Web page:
Best,

      Matt

       
  • Scott

    Hi, I really enjoy the reviews, however could you please add what shaft flex you are testing? I swing the driver in the 95-98 mph range and always seem to be in between flex’s. Thanks!

     
    • Matt Saternus

      Scott,

      Unless it’s otherwise noted, Bill plays an X flex and I play a stiff flex.

      The 95-98 MPH range can be tough; it really emphasizes the importance of a good fitting.

      Best,

      Matt

       
  • John rhee

    Matt,
    Nice review on the Covert 2.0. I picked up the Tour model and like it quite a bit. I have a swing speed around 98mph. Launch angle 14 deg, spin 2200. Distance around 250 yds. I just wonder if the TiNi is too stiff of a shaft. Any thoughts on swapping the shaft to the black HPB 50? Will that give more carry? Thanks.

     
  • Nice review on the Covert 2.0. I picked up the Tour model and like it quite a bit. I have a swing speed around 98mph. Launch angle 14 deg, spin 2200. Distance around 250 yds. I just wonder if the TiNi is too stiff of a shaft. Any thoughts on swapping the shaft to the black HPB 50? Will that give more carry? Thanks.

     
    • Matt Saternus

      John,

      Glad you’re liking the club. At 98 MPH, your optimal carry is going to be about 245 yards. That would require a little higher launch and a little less spin.

      The HBP 50 is really different than the TiNi. It’s strongly counter balanced and less stiff. There’s no harm in trying it, but I couldn’t really give you an educated prediction as to what it will do with your golf swing.

      Best,

      Matt

       
  • Andrew McClymont

    Hi Matt,
    If you are in the process of buying the Nike Covert 2.0,would the fitting centre taylor make the shaft to your swing speed? and,is it true if you have a naturally fast swing would you go with the stiffer shaft?

    Thanks

     
    • Matt Saternus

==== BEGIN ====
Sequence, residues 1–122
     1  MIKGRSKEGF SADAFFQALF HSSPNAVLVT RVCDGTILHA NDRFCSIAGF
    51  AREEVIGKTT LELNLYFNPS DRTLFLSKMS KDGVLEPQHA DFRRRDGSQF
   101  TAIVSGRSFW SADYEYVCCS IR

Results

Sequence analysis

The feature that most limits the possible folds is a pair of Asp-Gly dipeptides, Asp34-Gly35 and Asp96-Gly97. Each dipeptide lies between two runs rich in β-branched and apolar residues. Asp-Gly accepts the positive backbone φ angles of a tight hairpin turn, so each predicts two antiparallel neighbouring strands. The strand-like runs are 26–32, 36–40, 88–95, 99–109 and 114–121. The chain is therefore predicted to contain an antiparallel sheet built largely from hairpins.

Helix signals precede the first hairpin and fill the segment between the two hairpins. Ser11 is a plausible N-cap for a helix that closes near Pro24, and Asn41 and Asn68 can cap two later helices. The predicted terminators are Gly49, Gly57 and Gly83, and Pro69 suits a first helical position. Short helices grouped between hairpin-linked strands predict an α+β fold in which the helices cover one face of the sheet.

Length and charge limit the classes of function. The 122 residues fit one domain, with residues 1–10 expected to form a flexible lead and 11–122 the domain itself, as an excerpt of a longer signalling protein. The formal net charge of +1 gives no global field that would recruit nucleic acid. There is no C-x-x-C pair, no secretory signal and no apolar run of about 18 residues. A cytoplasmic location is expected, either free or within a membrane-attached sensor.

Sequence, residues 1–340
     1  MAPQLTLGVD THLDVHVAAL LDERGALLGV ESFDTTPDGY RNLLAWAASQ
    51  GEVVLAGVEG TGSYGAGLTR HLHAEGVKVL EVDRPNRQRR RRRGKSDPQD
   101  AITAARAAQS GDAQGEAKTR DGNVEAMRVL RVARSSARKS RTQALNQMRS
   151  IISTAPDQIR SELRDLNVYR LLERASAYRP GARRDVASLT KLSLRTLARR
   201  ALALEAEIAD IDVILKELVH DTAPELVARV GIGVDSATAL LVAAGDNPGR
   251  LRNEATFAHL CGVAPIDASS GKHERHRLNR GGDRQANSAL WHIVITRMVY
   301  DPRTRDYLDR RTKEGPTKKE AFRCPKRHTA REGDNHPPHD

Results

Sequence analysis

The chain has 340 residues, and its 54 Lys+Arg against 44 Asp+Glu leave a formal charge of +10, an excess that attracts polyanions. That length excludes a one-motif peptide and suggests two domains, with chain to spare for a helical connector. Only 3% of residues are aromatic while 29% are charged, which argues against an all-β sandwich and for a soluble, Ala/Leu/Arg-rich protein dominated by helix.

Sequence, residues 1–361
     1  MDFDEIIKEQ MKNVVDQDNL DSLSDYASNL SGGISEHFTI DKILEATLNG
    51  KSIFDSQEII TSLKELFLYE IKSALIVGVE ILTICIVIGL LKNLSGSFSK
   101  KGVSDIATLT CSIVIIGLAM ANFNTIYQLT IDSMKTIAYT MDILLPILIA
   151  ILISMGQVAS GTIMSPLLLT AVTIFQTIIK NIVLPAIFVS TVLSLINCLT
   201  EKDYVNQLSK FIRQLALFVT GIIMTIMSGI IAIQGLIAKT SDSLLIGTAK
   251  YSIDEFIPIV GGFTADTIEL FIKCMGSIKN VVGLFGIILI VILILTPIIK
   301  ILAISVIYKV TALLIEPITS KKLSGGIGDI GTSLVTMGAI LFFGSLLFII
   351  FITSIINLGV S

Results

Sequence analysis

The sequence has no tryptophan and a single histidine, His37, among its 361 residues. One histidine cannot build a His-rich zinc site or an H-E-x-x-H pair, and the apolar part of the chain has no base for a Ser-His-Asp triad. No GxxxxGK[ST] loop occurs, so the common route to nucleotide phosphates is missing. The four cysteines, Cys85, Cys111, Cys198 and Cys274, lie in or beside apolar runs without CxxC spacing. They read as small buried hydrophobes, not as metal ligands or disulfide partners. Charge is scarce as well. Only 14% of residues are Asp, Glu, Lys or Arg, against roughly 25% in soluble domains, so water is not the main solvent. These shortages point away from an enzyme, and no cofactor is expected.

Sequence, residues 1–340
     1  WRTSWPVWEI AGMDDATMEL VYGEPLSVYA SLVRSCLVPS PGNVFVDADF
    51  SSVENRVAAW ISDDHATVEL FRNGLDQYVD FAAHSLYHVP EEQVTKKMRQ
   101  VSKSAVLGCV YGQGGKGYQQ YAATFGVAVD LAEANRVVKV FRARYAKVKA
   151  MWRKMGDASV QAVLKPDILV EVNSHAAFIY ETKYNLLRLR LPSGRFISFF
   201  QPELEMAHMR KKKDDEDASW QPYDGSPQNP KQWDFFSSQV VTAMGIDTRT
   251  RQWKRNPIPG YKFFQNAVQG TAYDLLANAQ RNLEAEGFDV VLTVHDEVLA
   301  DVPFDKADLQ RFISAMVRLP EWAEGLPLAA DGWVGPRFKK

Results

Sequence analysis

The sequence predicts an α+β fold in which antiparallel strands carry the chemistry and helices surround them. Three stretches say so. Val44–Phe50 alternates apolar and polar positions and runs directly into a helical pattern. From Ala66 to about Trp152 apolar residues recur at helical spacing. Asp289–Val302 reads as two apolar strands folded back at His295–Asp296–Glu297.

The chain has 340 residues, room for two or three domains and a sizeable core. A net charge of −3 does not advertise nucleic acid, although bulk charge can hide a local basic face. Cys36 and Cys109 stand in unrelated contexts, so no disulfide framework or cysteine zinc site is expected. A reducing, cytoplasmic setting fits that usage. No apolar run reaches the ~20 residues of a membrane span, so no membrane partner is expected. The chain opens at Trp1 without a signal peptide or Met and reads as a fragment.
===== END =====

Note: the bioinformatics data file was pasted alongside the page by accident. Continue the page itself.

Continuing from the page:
Andrew,

      Absolutely, any fitter should be able to help you pick the right shaft flex and model for your swing. With regard to flex, yes, faster swings generally fit stiffer shafts.

      Best,

      Matt

       
  • Ted Steinberg

    I went to a Nike Demo Day and, after trying various combinations and settings, the pro convinced me to get the regular Covert 2.0 driver head with the TINI shaft. After playing with the lofts I found the 8.5° neutral was by far the best ball flight. I am a 65 year-old with a 95+ MPH swing speed. Have you heard of anyone mixing and matching the head and shaft as described? My feeling is that, by chance. I have hit on a great combination. Any thoughts? Is there a better driver out there for me? Right now, I am quite happy with it. Thanks you for your attention.

     
    • Matt Saternus

      Ted,

      Congrats on being fit for a combination that you’re happy with. The idea of mixing the heads and shafts has been raised before, and I think it’s a good one. The TiNi shaft is really excellent, particularly for reducing spin. In my opinion, the Covert 2.0 is one of the best drivers of 2014, so there’s no driver that I would say you have to try instead.

      Best,

      Matt

       
  • Great review. Bought the 2.0 covert with reg shaft. Most fairways I have ever hit with a driver. Have it set for 11.5 & left. Hit high draws with it all day long. It has replaced my R1.
    Handicap is dropping with the 2.0. I’m 60 with a usga of 13.9 and I expect to drop at lease 3 strokes by the end of the summer. I haven’t been on a launch monitor so I can’t give numbers. I bought it without a fitting.

     
  • Shawn

    any specs on the launch monitor data? loft used? shaft and flex? open or closed? just wondering if I’m to assume these were pulled from the shelf and if so, who’s shelf :)